You think that, if you call imprisonment true freedom, people will be attracted to the prison. And the worst of it is you're quite right.

- ALDOUS HUXLEY, Eyeless in Gaza

At the end of May 1989, Scientology's New Era Publications filed suit against the publishers of this book, alleging infringement of copyright. Even the Scientologists could find no precedent in U.S. law for their demand to see the manuscript prior to publication. As Mel Wulf, the defending attorney, expressed the situation, "Such an order would... have the inevitable effect of casting a chill upon freedom of speech and of the press." His argument was in vain; in an opinion issued at the end of July, Judge Louis L. Stanton ordered delivery of the final manuscript to the Scientologists.

In January 1990, Judge Stanton prohibited publication of A Piece of Blue Sky on grounds of copyright violation. However, the appeal was successful, and the three judges ruled unanimously that the book could retain all 121 passages complained of by New Era.

In April, the residents of Newkirk, Oklahoma, were alarmed to discover that the drug rehabilitation program which had acquired the lease to the nearby Indian School complex at Chilocco was a Scientology front group. Narconon intended to create a 1,000 bed facility at the eighty-building complex. The Association for Better Living and Education (ABLE) announced the donation of $200,000 to Narconon Chilocco, citing Narconon's remarkable success in treating addicts. Nothing in the announcement suggested any corporate connection between the two organizations. In fact, Narconon is a subsidiary of ABLE.

The Church of Scientology has recovered from the schism of the early 1980s, and significantly increased its membership. While the Church's claims of seven million is ridiculous, international membership is probably close to 100,000 by now. One of the world's top Public Relations companies has been helping with the recruiting drive for several years, designing slick commercials, and preparing for a weekly half-hour national television broadcast in the U.S.

The Church is a very rich and a very dangerous organization. There is no indication that it will change its ways. Hubbard's policy is now considered "scripture," and according to Scientology Policy Directive 19, of 7 July 1982, Hubbard alone can alter these "scriptures." Unless Hubbard's ghost communicates from one of the distant planets it is supposedly reconnoitering, there is no possibility of change. While promising freedom and claiming honesty, Scientology will continue to practice deception and generate tragedy.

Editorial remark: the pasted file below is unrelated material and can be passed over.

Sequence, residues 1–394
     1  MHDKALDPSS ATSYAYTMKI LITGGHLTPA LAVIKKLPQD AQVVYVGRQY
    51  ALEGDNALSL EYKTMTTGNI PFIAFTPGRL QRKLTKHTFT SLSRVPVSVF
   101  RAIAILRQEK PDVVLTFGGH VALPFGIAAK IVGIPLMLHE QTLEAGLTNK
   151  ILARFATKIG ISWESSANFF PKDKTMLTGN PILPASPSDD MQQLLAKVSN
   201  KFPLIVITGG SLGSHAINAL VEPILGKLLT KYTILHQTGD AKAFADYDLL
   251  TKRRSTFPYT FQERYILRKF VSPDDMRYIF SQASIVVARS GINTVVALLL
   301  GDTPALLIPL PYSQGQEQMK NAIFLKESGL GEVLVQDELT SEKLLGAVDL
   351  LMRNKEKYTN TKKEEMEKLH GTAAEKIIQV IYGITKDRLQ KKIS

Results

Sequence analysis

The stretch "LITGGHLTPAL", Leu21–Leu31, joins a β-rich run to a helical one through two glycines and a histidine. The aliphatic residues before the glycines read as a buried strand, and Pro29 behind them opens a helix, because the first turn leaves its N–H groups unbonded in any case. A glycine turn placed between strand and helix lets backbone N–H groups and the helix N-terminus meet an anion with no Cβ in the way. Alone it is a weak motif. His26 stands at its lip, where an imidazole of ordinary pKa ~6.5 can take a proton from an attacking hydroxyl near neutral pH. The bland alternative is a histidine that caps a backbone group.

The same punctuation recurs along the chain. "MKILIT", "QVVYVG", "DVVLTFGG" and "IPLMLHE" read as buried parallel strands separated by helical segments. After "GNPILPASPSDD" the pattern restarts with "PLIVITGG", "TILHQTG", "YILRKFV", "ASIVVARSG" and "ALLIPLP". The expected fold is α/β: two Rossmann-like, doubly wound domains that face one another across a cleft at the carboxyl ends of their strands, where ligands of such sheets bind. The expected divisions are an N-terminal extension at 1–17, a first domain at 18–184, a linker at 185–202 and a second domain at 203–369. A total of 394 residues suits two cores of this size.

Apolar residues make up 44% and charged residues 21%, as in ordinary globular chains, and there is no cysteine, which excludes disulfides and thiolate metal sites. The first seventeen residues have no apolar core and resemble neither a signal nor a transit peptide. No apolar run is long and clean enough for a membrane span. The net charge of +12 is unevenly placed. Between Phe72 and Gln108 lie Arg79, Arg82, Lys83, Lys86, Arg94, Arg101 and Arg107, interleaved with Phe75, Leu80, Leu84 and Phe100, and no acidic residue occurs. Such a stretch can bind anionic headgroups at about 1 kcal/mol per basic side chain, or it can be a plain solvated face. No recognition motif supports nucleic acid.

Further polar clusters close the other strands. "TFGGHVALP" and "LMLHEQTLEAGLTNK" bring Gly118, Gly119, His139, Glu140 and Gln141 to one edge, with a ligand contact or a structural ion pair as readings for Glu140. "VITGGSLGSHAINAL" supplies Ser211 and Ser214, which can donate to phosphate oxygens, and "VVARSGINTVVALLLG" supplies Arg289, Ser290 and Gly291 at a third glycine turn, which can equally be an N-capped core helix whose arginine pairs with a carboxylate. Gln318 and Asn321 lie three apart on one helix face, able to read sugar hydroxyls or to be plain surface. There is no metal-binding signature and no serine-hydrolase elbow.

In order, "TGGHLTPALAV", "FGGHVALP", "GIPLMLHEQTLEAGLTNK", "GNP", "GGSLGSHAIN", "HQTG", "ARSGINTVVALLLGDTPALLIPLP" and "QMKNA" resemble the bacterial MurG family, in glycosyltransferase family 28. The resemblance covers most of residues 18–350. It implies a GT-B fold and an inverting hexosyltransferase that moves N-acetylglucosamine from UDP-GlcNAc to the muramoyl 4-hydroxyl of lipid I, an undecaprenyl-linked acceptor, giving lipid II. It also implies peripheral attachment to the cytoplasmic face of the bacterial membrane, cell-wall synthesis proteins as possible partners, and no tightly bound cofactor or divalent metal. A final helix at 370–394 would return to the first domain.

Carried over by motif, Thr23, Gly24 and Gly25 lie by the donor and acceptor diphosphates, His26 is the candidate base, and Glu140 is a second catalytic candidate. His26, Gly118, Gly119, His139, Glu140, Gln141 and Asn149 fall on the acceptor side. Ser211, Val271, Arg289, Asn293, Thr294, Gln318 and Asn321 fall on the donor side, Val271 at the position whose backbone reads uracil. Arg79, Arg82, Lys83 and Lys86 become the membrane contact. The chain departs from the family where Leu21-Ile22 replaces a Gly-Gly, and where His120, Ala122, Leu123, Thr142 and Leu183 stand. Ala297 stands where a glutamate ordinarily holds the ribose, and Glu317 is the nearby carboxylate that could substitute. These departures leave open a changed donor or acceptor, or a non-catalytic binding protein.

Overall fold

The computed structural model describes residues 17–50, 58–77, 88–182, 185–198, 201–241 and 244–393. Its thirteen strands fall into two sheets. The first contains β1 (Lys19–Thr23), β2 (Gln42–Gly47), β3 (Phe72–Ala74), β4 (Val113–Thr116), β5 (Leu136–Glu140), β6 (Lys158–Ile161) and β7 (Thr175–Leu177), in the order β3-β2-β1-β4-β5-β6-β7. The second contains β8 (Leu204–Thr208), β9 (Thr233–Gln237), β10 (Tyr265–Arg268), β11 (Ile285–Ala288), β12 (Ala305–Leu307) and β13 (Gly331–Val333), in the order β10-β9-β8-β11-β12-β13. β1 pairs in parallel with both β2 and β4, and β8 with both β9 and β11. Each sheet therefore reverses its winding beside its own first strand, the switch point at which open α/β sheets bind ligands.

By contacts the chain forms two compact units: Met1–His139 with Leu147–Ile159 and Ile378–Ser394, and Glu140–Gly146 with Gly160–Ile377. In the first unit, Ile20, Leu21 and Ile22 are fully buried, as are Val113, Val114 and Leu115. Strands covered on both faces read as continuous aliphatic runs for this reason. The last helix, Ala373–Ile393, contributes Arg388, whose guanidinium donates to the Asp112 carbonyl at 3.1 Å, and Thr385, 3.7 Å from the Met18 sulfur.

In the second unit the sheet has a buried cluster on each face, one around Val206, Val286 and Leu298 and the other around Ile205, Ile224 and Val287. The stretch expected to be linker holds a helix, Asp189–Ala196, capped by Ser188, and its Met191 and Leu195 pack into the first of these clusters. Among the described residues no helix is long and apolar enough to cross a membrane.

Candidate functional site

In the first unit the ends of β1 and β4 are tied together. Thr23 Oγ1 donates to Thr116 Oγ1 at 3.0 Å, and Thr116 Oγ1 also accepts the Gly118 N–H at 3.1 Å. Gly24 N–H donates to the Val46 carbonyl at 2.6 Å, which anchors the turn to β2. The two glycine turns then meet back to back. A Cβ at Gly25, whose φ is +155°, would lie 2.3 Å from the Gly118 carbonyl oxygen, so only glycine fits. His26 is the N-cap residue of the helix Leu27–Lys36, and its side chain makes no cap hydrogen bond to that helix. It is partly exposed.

The massive campaign to hype Hubbard's books onto bestseller lists was exposed in the 15 April 1990 edition of the San Diego Union. The first volume of Hubbard's last, and supposedly bestselling, science fiction work, Mission Earth, received this review in The New York Times:

A paralyzingly slow-moving adventure enlivened by interludes of kinky sex, sendups of effeminate homosexuals and a disregard of conventional grammar so global as to suggest a satire on the possibility of communication through language.

Between June 24 and 29, 1990, The Los Angeles Times ran an excellent series of articles on Scientology. The coverage of Scientology related groups, particularly Sterling Management, Singer Consultants, Health Med, the Foundation for Advancements in Science and Education and the National Coalition of IRS Whistleblowers, is particularly enlightening.

In July, several senior officers of the French Church, including its president, were arrested in France. Newspapers reported that charges would concern fraud, financial irregularities and practicing medicine without a license (with regard to the potentially dangerous Purification Rundown).

In 1938 Hubbard's single goal was to achieve immortality in name. In his last few years money was siphoned from the Church to Hubbard. The IRS criminal investigators came on the scene too late. With Hubbard's death the investigation was abandoned, but money continued to gush into Author Services Inc., and from thence to the Church of Spiritual Technology (CST). This Church has as its sole function the perpetuation not of Scientology, but of the name L. Ron Hubbard. CST records presented in a tax case in Washington, DC, show that CST has assets of over $500 million. On 28 January 1990, The New Mexican reported that CST had dug a 350-foot tunnel into a mesa to store Hubbard's writings, which are being preserved at enormous expense using state of the art techniques. CST intend this storage facility to survive even nuclear war. There are also storage facilities near Los Angeles and in northern California.

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